The question then becomes what is next, because there will always be something next. Which is exactly what Woody Zuill asked on Twitter.

Woody Zuill @TCagley Do you have a definition of “post-agile” that you can share?

I am not the first person to use the term “post-agile”. Woody uses the term to mean “We accept all the good things that Agile brings, and are ready to explore and innovate beyond”.  I am far less sanguine. The four drivers suggest that we have reached high tide. But when a wave breaks, while some water rolls back to the sea, some sinks into the beach to feed the animals and water the plants.  The Agile movement has helped many teams and organizations to take steps toward unlocking the power of teams.  Tools and techniques such as collaboration, kaizen events, retrospectives and frequent planning are part of our basic vocabulary.  These tools provide the basis for what is to come.  Which to some extent makes Woody’s definition correct.  The definition I use for the post-agile age is the age of improvement punctuated with innovation. The age of improvement will not be limited to process, technology, or even people improvement individually, but an age where organizations change how they work based on a process of learning and adapting.   When Mike Miller stated:

Michael Miller It sounds like after 50 years we don’t really know how to do SW development — we keep coming up with new methodologies.

He is correct. Of course, we don’t really know how to do software development, After 50 years of software development it is time to try new things combining everything we have learned before with what we will learn tomorrow.  The post-agile age is an age of improvement, even if we are all starting at a different point with different constraints and capabilities.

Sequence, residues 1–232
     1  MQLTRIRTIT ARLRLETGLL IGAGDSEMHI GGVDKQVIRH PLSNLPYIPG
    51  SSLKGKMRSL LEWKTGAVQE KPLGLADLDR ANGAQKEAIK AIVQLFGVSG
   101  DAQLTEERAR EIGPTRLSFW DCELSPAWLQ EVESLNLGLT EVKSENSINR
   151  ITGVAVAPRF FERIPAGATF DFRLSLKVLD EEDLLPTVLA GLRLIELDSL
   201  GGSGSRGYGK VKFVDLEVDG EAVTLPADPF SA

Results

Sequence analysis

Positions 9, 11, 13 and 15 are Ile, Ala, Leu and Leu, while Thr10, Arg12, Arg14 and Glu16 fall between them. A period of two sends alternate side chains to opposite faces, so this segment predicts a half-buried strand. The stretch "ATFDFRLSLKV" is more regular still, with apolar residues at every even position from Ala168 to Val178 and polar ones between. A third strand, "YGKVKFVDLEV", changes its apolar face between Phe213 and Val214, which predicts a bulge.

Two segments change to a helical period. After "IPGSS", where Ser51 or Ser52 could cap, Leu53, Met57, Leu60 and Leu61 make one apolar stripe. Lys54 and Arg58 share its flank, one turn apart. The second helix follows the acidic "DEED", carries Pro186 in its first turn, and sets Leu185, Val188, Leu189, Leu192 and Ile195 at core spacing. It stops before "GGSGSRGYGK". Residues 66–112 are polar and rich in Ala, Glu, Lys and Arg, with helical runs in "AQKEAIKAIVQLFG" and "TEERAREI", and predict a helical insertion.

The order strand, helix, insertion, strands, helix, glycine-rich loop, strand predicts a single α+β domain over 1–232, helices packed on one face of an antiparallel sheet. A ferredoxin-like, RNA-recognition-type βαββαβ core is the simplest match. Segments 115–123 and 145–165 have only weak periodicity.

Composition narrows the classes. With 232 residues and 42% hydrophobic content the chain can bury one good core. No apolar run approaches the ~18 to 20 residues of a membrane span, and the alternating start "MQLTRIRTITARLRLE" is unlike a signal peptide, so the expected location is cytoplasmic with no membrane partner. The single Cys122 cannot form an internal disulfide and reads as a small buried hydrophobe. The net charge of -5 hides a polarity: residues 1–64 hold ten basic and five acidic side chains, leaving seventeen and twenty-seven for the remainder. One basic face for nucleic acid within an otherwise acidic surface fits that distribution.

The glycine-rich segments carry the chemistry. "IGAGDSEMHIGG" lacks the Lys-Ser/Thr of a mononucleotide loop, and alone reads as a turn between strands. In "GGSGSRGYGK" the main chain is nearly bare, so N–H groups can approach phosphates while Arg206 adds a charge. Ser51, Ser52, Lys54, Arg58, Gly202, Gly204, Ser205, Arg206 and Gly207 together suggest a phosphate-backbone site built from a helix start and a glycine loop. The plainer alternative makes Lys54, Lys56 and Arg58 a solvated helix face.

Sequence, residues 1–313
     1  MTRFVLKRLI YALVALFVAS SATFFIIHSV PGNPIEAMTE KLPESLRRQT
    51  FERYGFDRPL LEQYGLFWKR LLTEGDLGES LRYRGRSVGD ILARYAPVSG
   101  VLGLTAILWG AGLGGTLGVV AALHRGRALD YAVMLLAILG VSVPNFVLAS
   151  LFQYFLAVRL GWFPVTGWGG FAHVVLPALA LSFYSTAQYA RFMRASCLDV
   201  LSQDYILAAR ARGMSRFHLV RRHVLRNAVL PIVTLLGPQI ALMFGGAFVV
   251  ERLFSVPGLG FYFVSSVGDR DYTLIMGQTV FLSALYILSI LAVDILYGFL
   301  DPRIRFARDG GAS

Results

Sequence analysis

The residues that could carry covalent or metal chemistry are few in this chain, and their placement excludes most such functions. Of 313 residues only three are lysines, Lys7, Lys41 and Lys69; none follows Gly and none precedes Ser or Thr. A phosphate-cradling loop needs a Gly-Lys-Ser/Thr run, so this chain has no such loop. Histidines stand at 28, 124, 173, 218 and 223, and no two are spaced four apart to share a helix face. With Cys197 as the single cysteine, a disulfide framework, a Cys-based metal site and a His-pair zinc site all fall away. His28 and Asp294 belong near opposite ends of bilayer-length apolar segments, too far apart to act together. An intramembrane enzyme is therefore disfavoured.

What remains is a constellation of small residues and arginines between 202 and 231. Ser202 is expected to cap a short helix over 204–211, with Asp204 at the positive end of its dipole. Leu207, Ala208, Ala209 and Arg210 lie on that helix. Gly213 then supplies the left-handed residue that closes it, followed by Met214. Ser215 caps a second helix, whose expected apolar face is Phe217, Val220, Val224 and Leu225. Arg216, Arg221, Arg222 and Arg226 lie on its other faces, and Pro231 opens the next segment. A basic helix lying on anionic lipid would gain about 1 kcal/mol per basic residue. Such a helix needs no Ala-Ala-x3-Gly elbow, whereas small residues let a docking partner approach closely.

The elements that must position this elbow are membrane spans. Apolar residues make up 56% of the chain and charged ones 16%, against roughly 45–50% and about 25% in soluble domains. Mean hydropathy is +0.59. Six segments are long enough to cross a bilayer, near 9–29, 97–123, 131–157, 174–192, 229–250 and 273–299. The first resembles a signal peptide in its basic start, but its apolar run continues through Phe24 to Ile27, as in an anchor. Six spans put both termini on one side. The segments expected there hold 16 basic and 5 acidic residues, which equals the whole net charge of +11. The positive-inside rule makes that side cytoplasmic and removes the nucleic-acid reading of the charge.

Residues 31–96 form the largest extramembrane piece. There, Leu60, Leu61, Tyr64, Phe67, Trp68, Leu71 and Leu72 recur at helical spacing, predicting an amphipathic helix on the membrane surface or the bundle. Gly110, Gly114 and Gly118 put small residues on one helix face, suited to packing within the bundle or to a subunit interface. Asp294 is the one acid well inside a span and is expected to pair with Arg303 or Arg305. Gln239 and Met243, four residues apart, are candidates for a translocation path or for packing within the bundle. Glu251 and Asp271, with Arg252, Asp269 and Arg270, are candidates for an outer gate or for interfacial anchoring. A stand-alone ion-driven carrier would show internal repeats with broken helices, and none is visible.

Essays in Post Agile Age Arc include:

  1. Post Agile Age: The Movement Is Dead
  2. Post Agile Age: Drivers of the End of the Agile Movement and Method Lemmings
  3. Proscriptive Norms
  4. Brand Driven Ecosystems
  5. A Lack of Systems Thinking/Management
  6. The Age of Aquarius (Something Better is Beginning) – Current


Vanity metrics are not merely just inconvenience; they can be harmful to teams and organizations. Vanity metrics can elicit three major categories of poor behavior.

  1. Distraction. You get what you measure. Vanity metrics can lead teams or organizations into putting time and effort into practices or work products that don’t improve the delivery of value.
  2. Trick teams or organizations into believing they have answers when they don’t. A close cousin to distraction is the belief that the numbers are providing an insight into how to improve value delivery when what is being measured isn’t connected to the flow of value.  For example, the organization that measures the raw number of stories delivered across the department should not draw many inferences in the velocity of stories delivered on a month-to-month basis.
  3. Make teams or organizations feel good without providing guidance. Another kissing cousin to distraction are metrics that don’t provide guidance.  Metrics that don’t provide guidance steal time from work that can provide real value becasue they require time to collect, analyze and discuss. On Twitter, Gregor Wikstrand recently pointed out:

@TCagley actually, injuries and sick days are very good inverse indicators of general management ability

While I agree with Greger’s statement, his assessment is premised on someone using the metric to affect how work is done.  All too often, metrics such as injuries and sick days are used to communicate with the outside world rather than to provide guidance on how work is delivered.

Vanity metrics can distract teams and organizations by sapping time and energy from delivering value. Teams and organizations should invest their energy in collecting metrics that help them make decisions. A simple test for every measure or metric is to ask: Based on the number or trend, do you know what you need to do? If the answer is ‘no’, you have the wrong metric.